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THOMAS DOHERTY

The new face of Hollywood

LAST WEEK Dan Glickman, former secretary of agriculture in the Clinton administration, was appointed to replace Jack Valenti as president of the Motion Picture Association of America. Not exactly a high-profile player in either Washington or Hollywood, Glickman was an unexpected choice. More interesting, though, the selection broke with an unspoken Hollywood tradition. Glickman is Jewish, and for more than 80 years the job description for the Motion Picture Association presidency has read: Only politically connected Christians of unassailable moral character need apply.

Ever since its formation in 1922, when a series of made-for-tabloid overdoses, orgies, and murders seemed to confirm suspicions that the main business of Hollywood was to corrupt the fiber of Anglo-Protestant America, the association has chosen men of a certain type to catch the flak and take the heat.

Besieged studio moguls first turned to Will H. Hays, former postmaster general in the administration of Warren G. Harding. Hays was the perfect front man for a disreputable industry dominated by foreign-born Jews: a nondrinking, non-smoking Presbyterian church elder from Indiana who uttered platitudes with a straight face.

Making good on a promise to bring virtue to the Sodom on the Pacific, he gave his name to the Hays Office (formally the Production Code Administration), the censorship agency that kept the American screen free of cleavage and controversy. Under Hays, Hollywood enjoyed a golden age that glittered throughout the Great Depression and World War II.

In 1945 the Motion Picture Association opted for an organization man more in tune with the postwar ethos. The urbane and energetic Eric Johnston, former president of the Chamber of Commerce, had the advantage of being both cosmopolitan and Episcopalian. Unfortunately, he was fated to confront a trio of threats more ominous than bluenose censorship: the House Committee on Un-American Activities, the Department of Justice, and, worst of all, television.

In the wake of the 1947 House hearings on alleged Soviet subversion in the motion picture industry, Johnston inaugurated the blacklist era by pledging, on behalf of the major studios, never to "knowingly employ a communist."

The next year another branch of the government delivered a more crippling blow by demanding that the studios divest their theater chains, thereby destroying the vertically integrated monopoly that had sustained the classic studio system.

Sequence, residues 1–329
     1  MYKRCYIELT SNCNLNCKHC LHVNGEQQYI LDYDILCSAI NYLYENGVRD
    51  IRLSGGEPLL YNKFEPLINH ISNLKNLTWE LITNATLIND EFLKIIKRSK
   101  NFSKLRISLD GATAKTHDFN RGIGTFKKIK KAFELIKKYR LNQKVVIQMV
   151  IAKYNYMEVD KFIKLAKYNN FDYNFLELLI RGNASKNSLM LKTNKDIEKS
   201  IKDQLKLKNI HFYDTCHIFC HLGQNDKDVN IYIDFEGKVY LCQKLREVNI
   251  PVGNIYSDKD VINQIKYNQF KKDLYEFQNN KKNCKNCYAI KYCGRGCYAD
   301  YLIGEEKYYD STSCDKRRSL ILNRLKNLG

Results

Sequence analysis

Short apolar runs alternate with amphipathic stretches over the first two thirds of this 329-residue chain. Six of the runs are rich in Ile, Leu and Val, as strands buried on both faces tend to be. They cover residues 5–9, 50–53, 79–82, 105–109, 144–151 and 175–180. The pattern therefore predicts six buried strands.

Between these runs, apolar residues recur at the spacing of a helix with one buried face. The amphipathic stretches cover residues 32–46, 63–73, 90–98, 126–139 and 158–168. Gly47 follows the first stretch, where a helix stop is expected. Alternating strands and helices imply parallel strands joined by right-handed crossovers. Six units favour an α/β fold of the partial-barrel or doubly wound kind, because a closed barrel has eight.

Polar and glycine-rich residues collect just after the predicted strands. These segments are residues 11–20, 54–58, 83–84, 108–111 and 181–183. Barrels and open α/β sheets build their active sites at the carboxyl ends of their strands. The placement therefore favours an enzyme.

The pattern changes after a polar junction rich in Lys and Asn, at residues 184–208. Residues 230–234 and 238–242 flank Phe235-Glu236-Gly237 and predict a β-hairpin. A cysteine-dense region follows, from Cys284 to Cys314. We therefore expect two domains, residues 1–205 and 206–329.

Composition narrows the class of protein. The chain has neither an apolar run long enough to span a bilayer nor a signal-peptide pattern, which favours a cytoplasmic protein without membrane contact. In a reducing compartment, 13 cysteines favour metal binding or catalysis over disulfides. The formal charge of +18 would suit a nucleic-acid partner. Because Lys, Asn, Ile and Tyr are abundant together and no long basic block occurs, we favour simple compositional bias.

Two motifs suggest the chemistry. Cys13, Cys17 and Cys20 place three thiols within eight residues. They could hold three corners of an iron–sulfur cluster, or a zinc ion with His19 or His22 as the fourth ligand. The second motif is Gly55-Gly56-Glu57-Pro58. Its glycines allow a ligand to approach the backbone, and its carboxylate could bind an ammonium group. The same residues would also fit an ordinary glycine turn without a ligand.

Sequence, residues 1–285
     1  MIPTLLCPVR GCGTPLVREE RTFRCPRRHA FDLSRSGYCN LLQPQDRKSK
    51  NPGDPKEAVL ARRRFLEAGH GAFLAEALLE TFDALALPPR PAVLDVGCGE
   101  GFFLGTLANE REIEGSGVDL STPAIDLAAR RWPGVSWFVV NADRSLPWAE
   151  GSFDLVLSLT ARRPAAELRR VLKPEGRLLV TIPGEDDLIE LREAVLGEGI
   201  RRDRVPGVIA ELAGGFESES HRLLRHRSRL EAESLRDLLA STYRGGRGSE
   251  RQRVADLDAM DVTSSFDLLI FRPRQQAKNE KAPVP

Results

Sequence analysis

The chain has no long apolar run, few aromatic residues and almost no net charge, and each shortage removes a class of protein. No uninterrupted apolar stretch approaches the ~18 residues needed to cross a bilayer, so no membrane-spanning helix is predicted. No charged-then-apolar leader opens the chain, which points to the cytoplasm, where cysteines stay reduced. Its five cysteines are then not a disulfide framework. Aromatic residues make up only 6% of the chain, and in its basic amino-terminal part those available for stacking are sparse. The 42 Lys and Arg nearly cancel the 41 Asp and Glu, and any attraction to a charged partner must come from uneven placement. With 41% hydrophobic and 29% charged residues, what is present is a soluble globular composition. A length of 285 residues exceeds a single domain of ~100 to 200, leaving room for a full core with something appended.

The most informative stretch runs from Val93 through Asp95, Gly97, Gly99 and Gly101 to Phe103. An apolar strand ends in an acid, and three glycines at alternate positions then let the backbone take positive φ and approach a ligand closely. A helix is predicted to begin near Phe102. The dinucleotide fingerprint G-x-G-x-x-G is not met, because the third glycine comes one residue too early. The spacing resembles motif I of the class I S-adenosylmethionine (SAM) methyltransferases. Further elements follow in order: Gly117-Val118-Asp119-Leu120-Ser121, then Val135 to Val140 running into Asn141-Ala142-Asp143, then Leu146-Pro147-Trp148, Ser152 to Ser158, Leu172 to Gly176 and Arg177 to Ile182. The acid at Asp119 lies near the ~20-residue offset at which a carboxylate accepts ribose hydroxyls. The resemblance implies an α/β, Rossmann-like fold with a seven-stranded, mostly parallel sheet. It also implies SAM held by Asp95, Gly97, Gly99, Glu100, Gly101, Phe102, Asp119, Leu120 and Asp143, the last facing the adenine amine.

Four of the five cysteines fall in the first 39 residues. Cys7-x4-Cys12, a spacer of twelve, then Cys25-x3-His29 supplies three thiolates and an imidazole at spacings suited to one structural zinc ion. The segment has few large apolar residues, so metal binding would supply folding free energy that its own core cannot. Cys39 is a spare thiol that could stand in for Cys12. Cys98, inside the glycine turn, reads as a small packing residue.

As for television -- you know that story. In 1963 Johnston died and the association scrambled to find a permanent successor. After a prolonged search, the organization settled on Valenti, a former adviser to Lyndon Johnson and a Roman Catholic. He took the reins at a pivotal moment. Television was ascendent, the studios were moribund, and the baby boom generation was deserting the movies in droves.

Valenti's first major initiative was to eliminate the last vestiges of in-house censorship. In 1968, the Motion Picture Association abolished the Production Code and adopted the present alphabet ratings systems. Under Hays and Johnston, Hollywood had said "Be assured." Under Valenti, it said "Be forewarned."

Over the years, in any list of the highest-paid lobbyists in Washington, Valenti came in at or near the top. By any reckoning, he was worth every penny. With his tanned good looks and serene demeanor, he presented a smooth motion picture image for the television age. When clerics or politicians railed against the moral decadence and excessive violence projected from the Hollywood screen, he spoke reverently about the First Amendment and reminded critics that his industry voluntarily restricted its audience -- while neglecting to mention that any kid who couldn't sneak into an R-rated film was an underachiever.

Of course, for the media conglomerates that are today's entertainment providers, the First Amendment is less meaningful than laws dealing with interstate commerce and copyrights. During Valenti's tenure, neither Republican nor Democratic justice departments probed too closely into the ways newfangled synergy resembles old-fashioned monopoly.

Yet in terms or feathering the Hollywood nest egg, Valenti's greatest achievement was surely the Copyright Term Extension Act of 1998 (derided by foes as "the Mickey Mouse Protection Act"), which extended corporate and author copyrights for an additional 20 years. Indeed, copyright protection and piracy prevention now make up the biggest part of the job.

Facing such daunting challenges, the Motion Picture Association decided to take some affirmative action and reached out beyond the usual talent pool to tap Glickman for this glamorous gig with such enviable job security. In the future, perhaps, a Christian or Jewish woman might someday assume the post -- assuming she's politically connected and morally unassailable.

Thomas Doherty is chairman of the film studies program at Brandeis University. 

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